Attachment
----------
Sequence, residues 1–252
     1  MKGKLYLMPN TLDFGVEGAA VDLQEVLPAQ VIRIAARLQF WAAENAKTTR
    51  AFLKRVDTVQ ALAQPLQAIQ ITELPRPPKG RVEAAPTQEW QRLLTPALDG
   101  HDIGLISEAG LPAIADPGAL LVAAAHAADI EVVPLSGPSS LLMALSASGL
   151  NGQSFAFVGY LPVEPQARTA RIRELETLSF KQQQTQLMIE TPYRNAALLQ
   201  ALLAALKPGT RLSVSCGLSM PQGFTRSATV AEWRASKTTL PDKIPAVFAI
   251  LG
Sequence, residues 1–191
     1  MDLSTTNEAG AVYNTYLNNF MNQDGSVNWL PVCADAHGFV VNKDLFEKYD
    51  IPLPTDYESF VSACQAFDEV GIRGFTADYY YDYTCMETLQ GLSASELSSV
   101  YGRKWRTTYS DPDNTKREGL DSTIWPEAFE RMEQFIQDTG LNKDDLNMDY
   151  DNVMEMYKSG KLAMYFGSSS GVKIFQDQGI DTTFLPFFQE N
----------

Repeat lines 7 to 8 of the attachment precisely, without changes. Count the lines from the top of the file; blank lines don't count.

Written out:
   251  LG
Sequence, residues 1–191